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Chapter 3. The Neuromuscular System: Anatomical and Physiological Bases and Adaptations to Training. Objectives. Describe the anatomy of the neural system Describe anatomy of the muscular unit Understand force production Understand reflexes Describe neuromuscular training adaptations.

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chapter 3

Chapter 3

The Neuromuscular System: Anatomical and Physiological Bases and Adaptations to Training

objectives
Objectives
  • Describe the anatomy of the neural system
  • Describe anatomy of the muscular unit
  • Understand force production
  • Understand reflexes
  • Describe neuromuscular training adaptations
nervous system
Nervous System
  • Anatomical divisions
    • Central nervous system
    • Peripheral nervous system
  • Functional divisions
    • Somatic (voluntary)
    • Autonomic (involuntary)
slide5

Nerve conduction velocity

    • 120 m/s or 270mph for myelinated
      • 400 f/s
    • 5 m/s or 2mph for unmyelinated
      • 16 f/s
reflexes
Reflexes
  • Involuntary motor response to a stimulus
stretch shortening cycle ssc
Stretch Shortening Cycle (SSC)
  • Concentric force is increased as a function of eccentric action or stretching.
  • Increased force with speed of the motion.
  • Stored elastic energy responsible. (rubber band)
muscle tissue
Striated

Actin

Myosin

Troponin

Tropomyosin

Z lines

H zone

I band

A band

Muscle Tissue
sliding filament theory of muscle contraction af huxley 1954
Sliding Filament Theory of Muscle Contraction (AF Huxley, 1954)
  • Impulse initiated in cortex
  • Impulse travels through spinal cord
  • Through nervous pathway, action potential reaches myoneural junction
  • ACH is released from synapse and binds to receptors on muscle
sliding filament theory of muscle contraction cont
Sliding Filament Theory of Muscle Contraction (cont.)
  • Action potential spreads along sarcolema of muscle
  • Transverse tubules depolarize
  • Sarcoplasmic reticulum depolarizes and releases calcium into the sarcoplasm
  • Calcium causes conformational change in shape of troponin/tropomyosin
sliding filament theory of muscle contraction cont1
Sliding Filament Theory of Muscle Contraction (cont.)
  • Myosin head binds to actin
  • Binding of actin to myosin causes the

myosin head to swivel.

  • ATP breaks the actin/myosin bond and

the myosin head moves to the next

active site

http://www.youtube.com/watch?v=CbfK1Gi-aCk&feature=fvwrel

electrical stimulation
Electrical Stimulation
  • Motor nerve innervation
  • Latent period (.01)
  • Contraction phase (.04)
  • Relaxation phase (.05)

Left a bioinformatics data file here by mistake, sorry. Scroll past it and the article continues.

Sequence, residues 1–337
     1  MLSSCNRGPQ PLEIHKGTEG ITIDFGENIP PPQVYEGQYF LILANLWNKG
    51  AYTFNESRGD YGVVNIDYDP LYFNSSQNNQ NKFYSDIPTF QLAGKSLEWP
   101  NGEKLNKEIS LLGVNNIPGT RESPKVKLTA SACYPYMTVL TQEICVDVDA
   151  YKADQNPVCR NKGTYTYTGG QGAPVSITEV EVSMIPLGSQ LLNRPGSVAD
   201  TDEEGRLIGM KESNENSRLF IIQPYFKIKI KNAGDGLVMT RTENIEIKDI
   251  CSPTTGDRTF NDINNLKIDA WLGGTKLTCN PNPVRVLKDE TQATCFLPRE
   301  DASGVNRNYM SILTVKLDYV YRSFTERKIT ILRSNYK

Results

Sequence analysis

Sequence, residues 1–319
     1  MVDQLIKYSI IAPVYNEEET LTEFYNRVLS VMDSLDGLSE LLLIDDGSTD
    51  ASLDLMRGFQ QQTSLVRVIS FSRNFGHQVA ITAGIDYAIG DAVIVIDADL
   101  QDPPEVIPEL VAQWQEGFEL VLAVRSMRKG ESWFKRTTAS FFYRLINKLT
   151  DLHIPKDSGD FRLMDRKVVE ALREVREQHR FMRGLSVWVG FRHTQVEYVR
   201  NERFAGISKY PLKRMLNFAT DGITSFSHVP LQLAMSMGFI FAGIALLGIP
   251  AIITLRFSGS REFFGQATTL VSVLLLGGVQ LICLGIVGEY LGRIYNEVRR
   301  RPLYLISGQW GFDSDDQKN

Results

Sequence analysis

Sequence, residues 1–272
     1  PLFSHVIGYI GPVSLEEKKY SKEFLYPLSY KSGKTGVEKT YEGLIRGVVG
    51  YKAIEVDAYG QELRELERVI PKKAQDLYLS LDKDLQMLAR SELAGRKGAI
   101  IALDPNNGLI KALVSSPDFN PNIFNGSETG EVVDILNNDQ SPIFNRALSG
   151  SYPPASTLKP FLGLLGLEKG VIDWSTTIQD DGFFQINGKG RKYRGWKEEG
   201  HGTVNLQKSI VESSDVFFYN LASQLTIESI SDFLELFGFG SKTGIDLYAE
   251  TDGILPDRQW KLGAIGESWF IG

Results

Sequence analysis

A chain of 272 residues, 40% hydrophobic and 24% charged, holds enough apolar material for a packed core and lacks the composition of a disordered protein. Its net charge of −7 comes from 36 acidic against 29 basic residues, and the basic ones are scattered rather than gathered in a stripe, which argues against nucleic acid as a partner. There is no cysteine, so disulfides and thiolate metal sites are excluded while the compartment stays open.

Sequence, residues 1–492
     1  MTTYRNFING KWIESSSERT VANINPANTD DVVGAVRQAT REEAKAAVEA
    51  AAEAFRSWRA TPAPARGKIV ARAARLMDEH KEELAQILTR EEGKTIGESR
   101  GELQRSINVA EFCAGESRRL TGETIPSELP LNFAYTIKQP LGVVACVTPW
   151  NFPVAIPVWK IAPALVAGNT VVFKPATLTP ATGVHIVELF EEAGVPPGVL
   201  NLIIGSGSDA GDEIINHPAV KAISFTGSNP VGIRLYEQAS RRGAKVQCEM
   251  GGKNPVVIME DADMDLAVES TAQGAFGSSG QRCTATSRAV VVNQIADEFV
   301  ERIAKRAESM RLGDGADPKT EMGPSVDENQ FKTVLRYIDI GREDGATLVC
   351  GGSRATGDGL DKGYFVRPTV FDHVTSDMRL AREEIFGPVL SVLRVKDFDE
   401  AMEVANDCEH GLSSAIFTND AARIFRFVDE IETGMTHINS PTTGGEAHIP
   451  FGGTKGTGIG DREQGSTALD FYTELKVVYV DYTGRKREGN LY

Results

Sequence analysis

• Fast vs. slow time varies
  • Motor Units (nerve and fibers)
gradation of force

2. Recruitment (size principle; Henneman, 1964)

Gradation of Force

1. Rate coding (increasing the rate of firing of motor neurons)

muscle actions based on length of muscle
Muscle Actions Based on Length of Muscle
  • Isometric
  • Concentric
  • Eccentric
muscle modes based on velocity of shortening
Muscle Modes Based on Velocity of Shortening
  • Isometric
  • Isotonic (DCER)
  • Isokinetic
muscular strength adaptations
Muscular Strength Adaptations
  • Specificity (isokinetic, isotonic, isometric)
  • Males vs. females
    • Absolute strength, males are stronger
    • Expressed per unit of cross sectional area, small differences
muscular strength adaptations1
Muscular Strength Adaptations
  • Hypertrophy
  • Atrophy
  • Hyperplasia
  • Sarcopenia
bilateral unilateral strength
Bilateral/Unilateral Strength
  • Unilateral cross-education
    • 60% increase in untrained limb
  • Bilateral deficit
    • Inhibitory mechanism
muscle strength adaptations
Muscle Strength Adaptations
  • Muscle fiber transformation
    • Motor Units
    • Type I can not be converted to type II
    • Type II can not be converted to type I
    • Type II X fibers are converted to type II A with resistance training
    • Implications of this conversion are unclear
muscle strength adaptations cont
Muscle Strength Adaptations (cont.)
  • Nervous systems adaptations
    • If there is no increase in muscle size, strength increases are likely neural
    • RFD (Rate of Force Development) sports .3-.4 secs
    • Increased frequency of firing
    • Increased synchronization of motor unit firing
    • Relaxation of antagonistic muscle groups
slide30

Early strength gains in resistance training are neural (Moritani and deVries, 1979)

    • Patterns of motor unit recruitment
    • Recruiting more motor units
metabolic adaptations
Metabolic Adaptations
  • Metabolic specificity
    • ATP/phospagens
    • Glycogen
    • Glycolytic enzymes (PFK)

Endocrine Adaptations

  • Testosterone
  • Growth hormone
next class
Next Class
  • Chapter 4 Skeletal System
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